If you are concerned that a friend or flatmate may be experiencing some mental health difficulties, there are a number of ways you may be able to help them:
Symptoms of possible mental health issues
You may be concerned because your friend or flatmate:
has changed a lot recently
seems depressed, tearful, anxious or paranoid
has stopped attending lectures or going out
seems to be acting self-destructively
has told you they don't want to go on living
is generally causing concern
Approach your friend
It can be difficult to know how to approach someone who you think might be experiencing some mental health difficulties. You might worry that you will say the wrong thing or
make the situation worse. You might be concerned that you are interfering or that the person will be angry or upset with you. However, it is very unlikely that it will make things
worse and your friend may be very relieved to have the chance to talk about how they feel.
Choose a time when you can be alone with your friend, in a private, quiet place where you will not be disturbed. Gently explain that you are concerned for them and explain
what it is you are worried about. You may say something like, "It is difficult to say this, and I don’t want you to think that I am having a go at you or anything, but I care
about you and I’m really worried about you..."
If your friend wants to talk
Listen carefully to what your friend is saying without interruption. Sharing similar feelings can help your friend not to feel alone, but try to avoid saying "I know how you feel"
or "that happened to me" and going into long stories about yourself, as that can make someone feel silenced or that their story is not so important.
Ask your friend what they think would be helpful or what they think they need. Try to avoid making decisions for them or telling them what you would do in the same situation.
You could remind your friend about the professional help available both on and off campus and give him or her information about the support services. You could then wait a few days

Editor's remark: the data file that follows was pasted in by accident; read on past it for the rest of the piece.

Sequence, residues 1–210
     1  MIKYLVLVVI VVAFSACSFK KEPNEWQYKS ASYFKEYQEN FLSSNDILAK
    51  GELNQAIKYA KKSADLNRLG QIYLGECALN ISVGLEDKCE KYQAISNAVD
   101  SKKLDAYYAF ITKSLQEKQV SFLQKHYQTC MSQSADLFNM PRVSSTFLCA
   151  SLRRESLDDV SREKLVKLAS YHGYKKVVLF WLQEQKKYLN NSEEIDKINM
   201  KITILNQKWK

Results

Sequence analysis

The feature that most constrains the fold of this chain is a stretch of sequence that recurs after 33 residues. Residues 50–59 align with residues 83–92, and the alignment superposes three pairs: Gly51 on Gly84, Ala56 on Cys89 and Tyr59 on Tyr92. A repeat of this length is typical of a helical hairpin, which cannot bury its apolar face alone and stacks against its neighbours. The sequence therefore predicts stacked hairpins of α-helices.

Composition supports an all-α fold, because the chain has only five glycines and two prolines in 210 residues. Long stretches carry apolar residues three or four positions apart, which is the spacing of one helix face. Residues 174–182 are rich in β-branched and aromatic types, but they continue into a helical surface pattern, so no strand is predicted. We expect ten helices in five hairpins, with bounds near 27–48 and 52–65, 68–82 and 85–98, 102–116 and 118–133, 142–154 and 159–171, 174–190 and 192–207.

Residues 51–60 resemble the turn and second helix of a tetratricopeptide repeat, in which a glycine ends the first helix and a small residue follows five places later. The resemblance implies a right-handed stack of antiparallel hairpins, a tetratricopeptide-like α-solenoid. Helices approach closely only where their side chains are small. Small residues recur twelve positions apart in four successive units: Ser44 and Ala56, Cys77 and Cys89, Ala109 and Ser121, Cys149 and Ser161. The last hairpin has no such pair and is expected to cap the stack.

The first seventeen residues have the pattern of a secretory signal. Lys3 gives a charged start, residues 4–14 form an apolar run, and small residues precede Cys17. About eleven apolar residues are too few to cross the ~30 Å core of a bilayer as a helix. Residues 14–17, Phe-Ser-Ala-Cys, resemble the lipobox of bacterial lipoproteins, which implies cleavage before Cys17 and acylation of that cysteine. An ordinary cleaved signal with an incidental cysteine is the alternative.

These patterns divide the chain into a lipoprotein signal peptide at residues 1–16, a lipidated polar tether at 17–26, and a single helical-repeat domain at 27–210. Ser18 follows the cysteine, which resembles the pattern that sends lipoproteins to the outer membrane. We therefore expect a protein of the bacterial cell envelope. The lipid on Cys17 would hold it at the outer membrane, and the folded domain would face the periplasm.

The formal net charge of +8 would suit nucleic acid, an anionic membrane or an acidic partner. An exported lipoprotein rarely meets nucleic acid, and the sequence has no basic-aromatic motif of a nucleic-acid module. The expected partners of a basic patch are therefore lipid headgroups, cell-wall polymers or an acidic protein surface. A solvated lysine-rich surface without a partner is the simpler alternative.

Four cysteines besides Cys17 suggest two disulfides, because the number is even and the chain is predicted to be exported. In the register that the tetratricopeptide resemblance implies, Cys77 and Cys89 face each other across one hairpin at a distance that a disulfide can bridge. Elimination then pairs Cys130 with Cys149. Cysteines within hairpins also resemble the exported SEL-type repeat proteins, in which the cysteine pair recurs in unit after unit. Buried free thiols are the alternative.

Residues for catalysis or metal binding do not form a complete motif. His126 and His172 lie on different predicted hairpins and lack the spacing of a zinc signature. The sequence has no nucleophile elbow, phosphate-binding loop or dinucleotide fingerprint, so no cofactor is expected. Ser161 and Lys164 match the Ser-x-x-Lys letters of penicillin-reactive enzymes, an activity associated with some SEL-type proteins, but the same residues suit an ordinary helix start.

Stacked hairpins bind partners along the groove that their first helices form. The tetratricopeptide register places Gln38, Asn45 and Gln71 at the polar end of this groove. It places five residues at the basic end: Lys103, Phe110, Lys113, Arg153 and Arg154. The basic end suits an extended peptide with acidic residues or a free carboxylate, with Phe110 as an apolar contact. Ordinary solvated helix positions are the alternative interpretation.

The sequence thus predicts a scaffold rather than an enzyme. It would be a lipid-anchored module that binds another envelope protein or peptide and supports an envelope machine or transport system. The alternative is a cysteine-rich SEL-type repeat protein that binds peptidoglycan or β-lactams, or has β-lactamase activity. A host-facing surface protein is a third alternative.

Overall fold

and then ask them again how they are feeling, and if they have talked to anyone about their problems or concerns. If they haven’t, you could explore with them anything that could
be holding them back from doing this. You could also offer to go with your friend to an appointment to offer them moral support.
Stay calm – appearing anxious can make your friend feel worse
Set limits – think about how much time, energy and attention you can offer – this won’t be limitless. You may need to set some boundaries
Say when you feel uncomfortable - eg. if your friend sends distressing texts and then doesn’t answer when you try to get in touch, explain calmly the effect this has on you,
such as making you really worried
Look after yourself – take time out for yourself and keep up with the activities and other relationships that are important to you
If your friend doesn’t want to talk
If your friend doesn’t want to talk, let them know that you are there for them if they want to talk at another time. You could ask if there is anything else you can do to help,
such as socialising or doing something practical for them. Remind them of the range of support services available.
You are not responsible for another person's actions or feelings.
You cannot compel someone to seek professional help, all you can do is ensure they are aware of the services and encourage them to make an appointment. If they choose not to do
this, it's their decision.
However, if their behaviour is affecting others badly - seek advice.
If you become concerned about your friend's immediate safety, or the safety of others, you
should contact security or the police/ambulance on 999.